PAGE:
Reprod Sci. 2017 Jan 1:1933719117741374.
Environmental Manipulations as an Effective Alternative Treatment to Reduce Endometriosis Progression.
Torres-Reverón A1,2,3, Rivera LL2,3, Flores I1,4, Appleyard CB1,5.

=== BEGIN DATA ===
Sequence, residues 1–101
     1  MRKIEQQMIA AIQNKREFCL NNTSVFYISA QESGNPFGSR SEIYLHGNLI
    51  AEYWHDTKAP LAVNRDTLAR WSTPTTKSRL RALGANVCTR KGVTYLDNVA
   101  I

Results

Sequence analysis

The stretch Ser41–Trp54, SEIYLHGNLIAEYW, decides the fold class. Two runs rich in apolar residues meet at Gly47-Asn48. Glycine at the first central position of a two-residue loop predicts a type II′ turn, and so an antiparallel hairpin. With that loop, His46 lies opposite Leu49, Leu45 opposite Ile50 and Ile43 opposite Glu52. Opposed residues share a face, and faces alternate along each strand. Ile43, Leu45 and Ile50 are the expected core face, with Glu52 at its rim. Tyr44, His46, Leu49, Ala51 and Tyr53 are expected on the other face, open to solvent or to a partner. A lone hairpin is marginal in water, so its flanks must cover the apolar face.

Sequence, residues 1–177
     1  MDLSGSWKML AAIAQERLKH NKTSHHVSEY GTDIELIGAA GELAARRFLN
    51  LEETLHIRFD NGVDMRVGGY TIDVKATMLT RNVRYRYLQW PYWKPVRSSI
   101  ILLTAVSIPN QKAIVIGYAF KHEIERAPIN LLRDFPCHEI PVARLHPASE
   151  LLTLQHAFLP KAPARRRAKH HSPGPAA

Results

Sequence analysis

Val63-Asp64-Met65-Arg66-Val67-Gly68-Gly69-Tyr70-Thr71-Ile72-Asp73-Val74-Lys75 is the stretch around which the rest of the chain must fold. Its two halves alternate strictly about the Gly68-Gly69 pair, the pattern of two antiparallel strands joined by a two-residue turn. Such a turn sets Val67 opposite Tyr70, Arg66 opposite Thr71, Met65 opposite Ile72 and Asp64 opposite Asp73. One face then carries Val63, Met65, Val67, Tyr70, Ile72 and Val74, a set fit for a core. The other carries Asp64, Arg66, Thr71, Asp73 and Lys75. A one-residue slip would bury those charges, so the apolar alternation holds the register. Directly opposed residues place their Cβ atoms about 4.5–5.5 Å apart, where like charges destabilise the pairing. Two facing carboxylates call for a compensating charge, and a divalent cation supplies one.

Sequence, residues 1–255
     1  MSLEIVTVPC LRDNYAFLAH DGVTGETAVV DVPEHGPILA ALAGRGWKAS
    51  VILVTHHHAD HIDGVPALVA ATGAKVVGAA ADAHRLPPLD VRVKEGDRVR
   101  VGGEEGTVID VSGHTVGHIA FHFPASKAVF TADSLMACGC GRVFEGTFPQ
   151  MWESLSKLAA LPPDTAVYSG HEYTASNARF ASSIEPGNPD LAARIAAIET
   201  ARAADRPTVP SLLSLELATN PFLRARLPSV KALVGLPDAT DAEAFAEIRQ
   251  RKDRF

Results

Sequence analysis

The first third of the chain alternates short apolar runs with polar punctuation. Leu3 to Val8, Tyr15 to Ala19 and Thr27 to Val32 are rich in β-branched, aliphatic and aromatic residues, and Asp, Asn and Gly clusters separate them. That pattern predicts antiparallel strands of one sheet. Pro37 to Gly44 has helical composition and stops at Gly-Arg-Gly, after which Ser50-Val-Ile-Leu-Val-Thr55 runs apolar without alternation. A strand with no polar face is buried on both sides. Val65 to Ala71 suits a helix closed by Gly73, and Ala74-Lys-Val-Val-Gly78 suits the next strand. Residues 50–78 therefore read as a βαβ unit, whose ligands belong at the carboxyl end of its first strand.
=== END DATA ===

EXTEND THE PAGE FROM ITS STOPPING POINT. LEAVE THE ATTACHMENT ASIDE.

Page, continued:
Treatments for endometriosis include pharmacological or surgical procedures that produce significant side effects. We aimed to determine how environmental enrichment (EE) could impact the progression of endometriosis using the autotransplantation rat model. Female rats were exposed to EE (endo-EE: toys and nesting materials, 4 rats per cage, larger area enclosure) or no enrichment (endo-NE: 2 rats per cage) starting on postnatal day 21. After 8 weeks, sham surgery or surgical endometriosis was induced by suturing uterine horn tissue next to the intestinal mesentery, then allowed to progress for 60 days during which EE or NE continued. At the time of killing, we measured anxiety behaviors, collected endometriotic vesicles and uterus, and processed for quantitative real-time polymerase chain reaction for corticotropin-releasing hormone (CRH), urocortin-1, CRH receptors type 1 and type 2, and glucocorticoid receptor (GR). Endometriosis did not affect anxiety-like behaviors, yet rats in enriched conditions showed lower basal anxiety behaviors than the nonenriched group. Importantly, the endo-EE group showed a 28% reduction in the number of endometriosis vesicles and the vesicles were significantly smaller compared to the endo-NE group. Endometriosis increased CRH and GR only in the vesicles of endo-NE, and this increase was dampened in the endo-EE. However, urocortin 1 was increased in the vesicles of the endo-EE group, suggesting different pathways of activation of CRH receptors in this group. Our results suggest that the use of multimodal complementary therapies that reduce stress in endometriosis could be an effective and safe treatment alternative, with minimal side effects.